What Would Happen If Your Brain Was Split In Half

The capacity for the human brain to survive immense trauma is an astounding aspect of our biology. 18th-century rail worker Phineas Gage was immortalized in medical history for surviving twelve years after a 13-pound rail spike was accidentally driven through his skull and brain. There are many recorded cases of individuals surviving typically fatal wounds such as gunshots to the head. Of those who do make it, many are left impaired in some way while others manage to carry on as though nothing had happened. 

Those who have received radical treatments for epilepsy such as the severing of their corpus callosum (the link between the brain's hemispheres) or even removal of one hemisphere, manage to similarly live with only minor difficulties (via WebMD). The former is where strange syndromes can materialize, however. As each half of the brain has a greater specialty than the other for certain tasks (though neither completely monopolizes processes as once thought), disconnecting them can leave the now independent organs to perceive the world very differently (via NPR).

A split brain gives a person two different perceptions of the world

Experiments with "split-brain" patients have uncovered the surprising effects that the procedure can have on their perception. As the right and left eyes were feeding information to the other side's hemisphere as normal, but in this case, neither hemisphere could communicate what they were seeing to the other, each side gave different responses to stimuli when one eye was closed (via Nature.com). For instance, the left half could recognize the person in a picture presented to their right eye, while the right side couldn't. Per Gizmodo, this led to extreme cases of literal internal conflict, with each half having different feelings on the patient's occupation, childhood bullies, and even treatment of their spouse.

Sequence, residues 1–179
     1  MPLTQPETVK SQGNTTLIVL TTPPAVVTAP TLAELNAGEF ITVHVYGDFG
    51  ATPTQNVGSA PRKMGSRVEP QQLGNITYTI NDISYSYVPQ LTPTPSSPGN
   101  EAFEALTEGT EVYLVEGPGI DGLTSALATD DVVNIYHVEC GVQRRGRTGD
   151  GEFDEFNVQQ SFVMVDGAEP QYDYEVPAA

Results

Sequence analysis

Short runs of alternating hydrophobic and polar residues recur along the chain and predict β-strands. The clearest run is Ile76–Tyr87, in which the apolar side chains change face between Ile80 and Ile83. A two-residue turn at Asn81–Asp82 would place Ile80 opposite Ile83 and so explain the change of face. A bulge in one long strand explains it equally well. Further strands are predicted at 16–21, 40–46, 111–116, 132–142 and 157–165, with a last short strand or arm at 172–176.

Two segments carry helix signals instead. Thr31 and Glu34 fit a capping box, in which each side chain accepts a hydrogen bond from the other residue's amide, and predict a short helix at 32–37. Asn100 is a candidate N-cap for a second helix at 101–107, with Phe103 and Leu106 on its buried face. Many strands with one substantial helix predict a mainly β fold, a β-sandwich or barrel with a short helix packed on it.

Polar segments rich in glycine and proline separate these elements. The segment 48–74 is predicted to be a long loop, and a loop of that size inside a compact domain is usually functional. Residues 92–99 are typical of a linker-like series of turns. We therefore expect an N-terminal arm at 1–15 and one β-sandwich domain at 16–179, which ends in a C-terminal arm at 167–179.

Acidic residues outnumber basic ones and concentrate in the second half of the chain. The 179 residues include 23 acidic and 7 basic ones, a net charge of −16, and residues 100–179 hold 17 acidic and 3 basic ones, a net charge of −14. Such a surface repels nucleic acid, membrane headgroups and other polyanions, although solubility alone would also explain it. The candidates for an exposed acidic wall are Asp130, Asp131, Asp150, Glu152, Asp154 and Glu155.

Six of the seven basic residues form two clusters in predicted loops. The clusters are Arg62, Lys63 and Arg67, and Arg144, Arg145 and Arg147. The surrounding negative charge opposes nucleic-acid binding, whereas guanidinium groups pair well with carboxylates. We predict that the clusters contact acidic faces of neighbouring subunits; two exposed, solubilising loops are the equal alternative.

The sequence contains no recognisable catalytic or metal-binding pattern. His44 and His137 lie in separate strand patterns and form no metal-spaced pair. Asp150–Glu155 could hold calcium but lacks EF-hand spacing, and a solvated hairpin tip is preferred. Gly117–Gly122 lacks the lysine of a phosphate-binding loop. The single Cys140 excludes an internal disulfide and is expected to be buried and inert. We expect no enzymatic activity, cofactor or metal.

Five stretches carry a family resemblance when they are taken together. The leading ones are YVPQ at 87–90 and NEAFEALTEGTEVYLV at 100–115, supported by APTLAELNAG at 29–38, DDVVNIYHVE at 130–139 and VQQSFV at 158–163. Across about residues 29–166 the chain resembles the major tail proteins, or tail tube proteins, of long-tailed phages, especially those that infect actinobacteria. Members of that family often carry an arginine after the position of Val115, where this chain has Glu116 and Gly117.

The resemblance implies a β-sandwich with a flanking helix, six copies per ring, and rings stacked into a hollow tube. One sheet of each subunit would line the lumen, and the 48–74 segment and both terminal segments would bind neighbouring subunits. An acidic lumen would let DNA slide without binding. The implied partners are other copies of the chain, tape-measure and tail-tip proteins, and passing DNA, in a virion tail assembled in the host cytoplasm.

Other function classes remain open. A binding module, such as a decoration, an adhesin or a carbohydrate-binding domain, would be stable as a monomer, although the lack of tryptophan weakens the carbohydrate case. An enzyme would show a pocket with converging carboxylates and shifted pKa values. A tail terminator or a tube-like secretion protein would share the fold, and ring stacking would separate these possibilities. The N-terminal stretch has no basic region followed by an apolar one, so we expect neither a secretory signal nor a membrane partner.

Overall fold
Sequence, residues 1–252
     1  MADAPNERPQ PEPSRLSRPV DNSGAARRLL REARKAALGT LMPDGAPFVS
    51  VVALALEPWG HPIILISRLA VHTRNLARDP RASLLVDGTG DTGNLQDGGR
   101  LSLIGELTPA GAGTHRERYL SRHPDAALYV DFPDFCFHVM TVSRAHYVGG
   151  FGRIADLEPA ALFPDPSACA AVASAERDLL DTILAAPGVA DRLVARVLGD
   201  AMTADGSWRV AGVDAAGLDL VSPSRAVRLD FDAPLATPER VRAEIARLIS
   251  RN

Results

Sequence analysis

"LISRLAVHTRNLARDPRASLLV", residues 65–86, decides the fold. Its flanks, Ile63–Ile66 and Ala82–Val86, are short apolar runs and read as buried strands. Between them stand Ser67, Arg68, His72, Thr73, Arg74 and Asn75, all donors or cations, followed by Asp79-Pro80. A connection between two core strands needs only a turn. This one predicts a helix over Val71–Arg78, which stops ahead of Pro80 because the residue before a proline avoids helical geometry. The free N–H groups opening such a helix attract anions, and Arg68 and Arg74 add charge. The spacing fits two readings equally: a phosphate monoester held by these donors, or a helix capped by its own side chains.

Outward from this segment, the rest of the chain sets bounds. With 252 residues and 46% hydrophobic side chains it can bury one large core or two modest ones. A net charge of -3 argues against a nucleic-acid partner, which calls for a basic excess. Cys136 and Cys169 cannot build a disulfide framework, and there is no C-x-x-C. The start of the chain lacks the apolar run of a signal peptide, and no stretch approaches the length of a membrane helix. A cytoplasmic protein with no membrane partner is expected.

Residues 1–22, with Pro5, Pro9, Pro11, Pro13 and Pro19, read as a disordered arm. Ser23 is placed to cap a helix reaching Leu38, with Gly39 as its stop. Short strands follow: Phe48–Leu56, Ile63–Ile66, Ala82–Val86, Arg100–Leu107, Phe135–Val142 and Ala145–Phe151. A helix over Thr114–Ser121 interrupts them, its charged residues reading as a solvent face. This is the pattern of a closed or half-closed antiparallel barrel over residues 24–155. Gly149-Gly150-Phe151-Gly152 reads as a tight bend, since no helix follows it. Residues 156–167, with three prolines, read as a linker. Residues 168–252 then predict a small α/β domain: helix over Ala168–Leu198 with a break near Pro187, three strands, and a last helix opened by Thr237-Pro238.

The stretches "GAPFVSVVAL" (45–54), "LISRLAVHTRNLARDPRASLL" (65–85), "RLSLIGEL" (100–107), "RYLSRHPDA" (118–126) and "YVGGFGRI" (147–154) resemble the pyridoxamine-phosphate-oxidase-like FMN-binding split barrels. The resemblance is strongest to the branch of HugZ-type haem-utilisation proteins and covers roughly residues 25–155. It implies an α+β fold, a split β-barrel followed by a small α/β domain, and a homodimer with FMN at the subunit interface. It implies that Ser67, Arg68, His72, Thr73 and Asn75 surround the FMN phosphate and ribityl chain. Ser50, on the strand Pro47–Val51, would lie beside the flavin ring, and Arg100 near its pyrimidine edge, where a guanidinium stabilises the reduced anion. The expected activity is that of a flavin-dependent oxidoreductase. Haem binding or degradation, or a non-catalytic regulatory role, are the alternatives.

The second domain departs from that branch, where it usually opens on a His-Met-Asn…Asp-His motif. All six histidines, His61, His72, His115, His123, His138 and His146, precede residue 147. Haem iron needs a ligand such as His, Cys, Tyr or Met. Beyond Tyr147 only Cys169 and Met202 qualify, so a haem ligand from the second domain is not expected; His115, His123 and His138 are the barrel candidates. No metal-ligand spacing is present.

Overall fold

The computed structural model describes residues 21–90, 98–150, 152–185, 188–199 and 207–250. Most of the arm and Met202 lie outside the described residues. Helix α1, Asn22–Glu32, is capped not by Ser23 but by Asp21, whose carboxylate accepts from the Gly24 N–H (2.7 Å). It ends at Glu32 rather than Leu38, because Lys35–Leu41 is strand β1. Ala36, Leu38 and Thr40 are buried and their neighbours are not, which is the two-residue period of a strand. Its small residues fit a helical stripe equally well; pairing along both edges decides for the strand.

This latter example relates to a case where one side of a patient's brain attempted to hit his wife while the other tried to stop the attack. An extreme scenario to be sure, but even relatively minor tasks could leave them at odds, as one half may attempt to close a book that the other is reading. Contrary to popular assumption, this does not leave the patient with their original self and a disconnected "alien" personality. A recent analysis of these studies suggests, both halves are thought to instead be best characterized as different framings of the same original consciousness (via Mind Matters).